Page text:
Overall, the 2019 season has been wildly frustrating for Red Sox fans. The offense has been absolutely fine, so there’s no reason for Dave Dombrowski to make any sort of deal with the idea in mind that he would be enhancing their numbers in that regard. But the pitching has clearly been the downfall of this season where the main objective is to repeat what they did last year.

It goes without question that the starting rotation has been a bit of a letdown and not at all what they had anticipated as they headed into the year. Rick Porcello’s inconsistent ways have been rearing its ugly head once again but not only that, you can’t even rely on the one guy who has been the face of consistent dominance–at least in the first half of seasons–in Chris Sale who currently is sitting on a 4.27 ERA.

Couple those production issues with Nathan Eovaldi’s injury which has held him out since mid-April, it became quite clear that starting pitching depth was a blemish on the roster.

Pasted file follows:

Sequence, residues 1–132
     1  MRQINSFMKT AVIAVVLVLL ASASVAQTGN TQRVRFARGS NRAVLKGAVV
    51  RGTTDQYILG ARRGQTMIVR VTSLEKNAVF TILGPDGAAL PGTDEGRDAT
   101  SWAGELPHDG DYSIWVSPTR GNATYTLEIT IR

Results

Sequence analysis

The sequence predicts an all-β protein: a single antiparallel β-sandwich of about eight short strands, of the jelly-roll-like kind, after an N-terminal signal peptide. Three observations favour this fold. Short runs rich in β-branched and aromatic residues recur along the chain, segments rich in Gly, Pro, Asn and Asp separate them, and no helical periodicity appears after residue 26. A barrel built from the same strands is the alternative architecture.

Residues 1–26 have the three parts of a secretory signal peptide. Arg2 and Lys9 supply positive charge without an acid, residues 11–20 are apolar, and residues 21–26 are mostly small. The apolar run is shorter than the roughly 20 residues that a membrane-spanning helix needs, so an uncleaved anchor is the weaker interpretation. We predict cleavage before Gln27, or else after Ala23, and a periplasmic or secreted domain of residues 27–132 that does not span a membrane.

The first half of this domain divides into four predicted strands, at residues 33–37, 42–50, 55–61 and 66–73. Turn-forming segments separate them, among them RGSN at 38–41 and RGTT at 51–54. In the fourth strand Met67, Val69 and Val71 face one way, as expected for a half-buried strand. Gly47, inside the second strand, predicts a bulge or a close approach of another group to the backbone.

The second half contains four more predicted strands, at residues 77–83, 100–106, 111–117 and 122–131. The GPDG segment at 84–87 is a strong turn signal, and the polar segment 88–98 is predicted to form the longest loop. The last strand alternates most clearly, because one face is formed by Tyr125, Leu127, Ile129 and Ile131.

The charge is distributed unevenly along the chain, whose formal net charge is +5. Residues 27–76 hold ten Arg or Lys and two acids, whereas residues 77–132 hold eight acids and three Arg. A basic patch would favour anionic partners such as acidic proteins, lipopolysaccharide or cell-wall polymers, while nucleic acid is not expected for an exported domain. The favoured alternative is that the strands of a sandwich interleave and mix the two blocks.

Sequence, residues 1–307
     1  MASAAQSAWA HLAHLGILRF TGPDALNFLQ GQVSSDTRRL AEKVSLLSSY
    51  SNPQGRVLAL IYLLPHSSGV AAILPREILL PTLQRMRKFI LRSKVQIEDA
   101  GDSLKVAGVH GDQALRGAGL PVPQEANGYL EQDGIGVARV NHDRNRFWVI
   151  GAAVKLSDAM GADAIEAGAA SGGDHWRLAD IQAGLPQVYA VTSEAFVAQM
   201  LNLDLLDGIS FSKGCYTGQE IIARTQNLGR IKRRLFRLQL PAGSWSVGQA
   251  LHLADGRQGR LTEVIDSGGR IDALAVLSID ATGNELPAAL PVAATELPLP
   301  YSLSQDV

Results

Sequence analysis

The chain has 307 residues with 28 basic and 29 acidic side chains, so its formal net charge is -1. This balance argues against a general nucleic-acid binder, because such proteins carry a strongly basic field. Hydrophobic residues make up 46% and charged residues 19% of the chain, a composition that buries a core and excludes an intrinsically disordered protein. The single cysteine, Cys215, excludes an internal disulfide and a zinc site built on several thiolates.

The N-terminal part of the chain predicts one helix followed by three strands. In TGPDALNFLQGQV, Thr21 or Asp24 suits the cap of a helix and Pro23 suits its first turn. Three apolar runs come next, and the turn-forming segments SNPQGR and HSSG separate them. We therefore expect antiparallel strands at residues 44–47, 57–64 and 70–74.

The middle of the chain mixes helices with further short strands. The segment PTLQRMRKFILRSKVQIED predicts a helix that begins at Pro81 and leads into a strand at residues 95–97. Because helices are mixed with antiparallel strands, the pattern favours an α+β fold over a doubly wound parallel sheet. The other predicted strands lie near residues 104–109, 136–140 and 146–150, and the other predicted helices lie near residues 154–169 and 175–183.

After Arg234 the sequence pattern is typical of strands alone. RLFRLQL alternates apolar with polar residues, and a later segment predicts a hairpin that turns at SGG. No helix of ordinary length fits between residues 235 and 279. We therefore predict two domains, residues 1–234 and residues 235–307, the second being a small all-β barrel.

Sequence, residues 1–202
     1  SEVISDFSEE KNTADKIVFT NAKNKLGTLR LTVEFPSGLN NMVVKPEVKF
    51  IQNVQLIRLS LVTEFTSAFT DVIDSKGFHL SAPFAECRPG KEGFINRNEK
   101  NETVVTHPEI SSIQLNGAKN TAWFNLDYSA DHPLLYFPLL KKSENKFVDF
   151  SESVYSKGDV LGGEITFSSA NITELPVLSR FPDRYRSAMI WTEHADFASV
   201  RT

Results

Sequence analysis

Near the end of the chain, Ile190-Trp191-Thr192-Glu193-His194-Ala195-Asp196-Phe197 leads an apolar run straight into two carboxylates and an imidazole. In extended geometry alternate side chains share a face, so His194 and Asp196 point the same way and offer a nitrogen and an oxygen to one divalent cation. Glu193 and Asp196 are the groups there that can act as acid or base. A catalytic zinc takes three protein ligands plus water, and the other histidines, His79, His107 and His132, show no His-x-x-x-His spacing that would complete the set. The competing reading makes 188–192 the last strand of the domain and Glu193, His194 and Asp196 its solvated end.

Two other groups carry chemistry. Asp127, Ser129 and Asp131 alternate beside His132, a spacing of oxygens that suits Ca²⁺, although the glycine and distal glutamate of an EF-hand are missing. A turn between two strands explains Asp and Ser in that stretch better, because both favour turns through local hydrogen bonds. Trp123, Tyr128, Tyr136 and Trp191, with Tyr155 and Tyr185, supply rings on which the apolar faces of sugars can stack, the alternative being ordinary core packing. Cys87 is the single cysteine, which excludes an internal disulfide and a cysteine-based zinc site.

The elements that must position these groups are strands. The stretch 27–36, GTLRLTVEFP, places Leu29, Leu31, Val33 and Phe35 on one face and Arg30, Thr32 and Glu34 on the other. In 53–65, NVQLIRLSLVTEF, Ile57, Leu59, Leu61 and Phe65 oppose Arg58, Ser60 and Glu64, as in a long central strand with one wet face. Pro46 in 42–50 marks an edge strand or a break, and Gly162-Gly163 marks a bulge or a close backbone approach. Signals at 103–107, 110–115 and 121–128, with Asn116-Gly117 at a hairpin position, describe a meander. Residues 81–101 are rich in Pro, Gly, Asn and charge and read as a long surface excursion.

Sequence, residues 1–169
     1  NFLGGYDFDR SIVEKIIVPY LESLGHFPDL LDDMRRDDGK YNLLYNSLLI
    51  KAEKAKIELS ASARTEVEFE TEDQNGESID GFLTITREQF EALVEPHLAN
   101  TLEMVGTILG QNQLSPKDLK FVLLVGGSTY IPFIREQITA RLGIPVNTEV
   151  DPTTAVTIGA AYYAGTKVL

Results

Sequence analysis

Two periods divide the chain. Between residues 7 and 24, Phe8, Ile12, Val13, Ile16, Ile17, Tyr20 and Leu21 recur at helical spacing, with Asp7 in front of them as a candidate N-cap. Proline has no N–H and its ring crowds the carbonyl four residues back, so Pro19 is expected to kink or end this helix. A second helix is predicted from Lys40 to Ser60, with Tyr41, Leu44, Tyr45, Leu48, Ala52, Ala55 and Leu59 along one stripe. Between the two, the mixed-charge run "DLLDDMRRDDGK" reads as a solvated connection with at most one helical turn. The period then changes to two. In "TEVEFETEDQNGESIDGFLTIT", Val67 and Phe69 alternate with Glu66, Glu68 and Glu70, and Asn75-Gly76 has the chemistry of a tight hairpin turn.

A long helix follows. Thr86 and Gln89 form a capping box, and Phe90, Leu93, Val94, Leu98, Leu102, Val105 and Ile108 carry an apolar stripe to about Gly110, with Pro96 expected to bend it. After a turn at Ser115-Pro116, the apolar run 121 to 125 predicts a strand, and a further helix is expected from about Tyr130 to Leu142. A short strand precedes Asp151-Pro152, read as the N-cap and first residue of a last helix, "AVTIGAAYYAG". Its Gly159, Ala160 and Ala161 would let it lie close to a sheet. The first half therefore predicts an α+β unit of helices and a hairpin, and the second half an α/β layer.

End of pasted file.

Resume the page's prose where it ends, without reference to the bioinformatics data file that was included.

As we now know, upon his return, the Red Sox plan is to stick Eovaldi in the bullpen and make him the solidified closer which does solve probably the most glaring issue that this team’s faced all year. As we sit here on July 14th, the team has blown 18 saves already. That number right there is the difference in you being in legitimate contention with the New York Yankees atop the division. Instead, if the postseason began today, you wouldn’t even be appearing in the Wild Card game.

Aug 26, 2018; St. Petersburg, FL, USA; Boston Red Sox starting pitcher Nathan Eovaldi (17) reacts as he walks back to the dugout at Tropicana Field. Mandatory Credit: Kim Klement-USA TODAY Sports

With that being the case, that left a gaping hole in the starting rotation. Being someone who despises bullpen days as it is, the notion that the 2019 Red Sox could survive with having bullpen days was absolutely blasphemous. The bullpen is as trustworthy as a high school relationship, and there were genuine thoughts that they could aid you in chipping away at the division lead by pitching an entire game?

So Eovaldi’s move to the closer roll only meant that the clear motive here at the deadline had to be for a starting arm, preferably a rental and that’s exactly what they got in Cashner.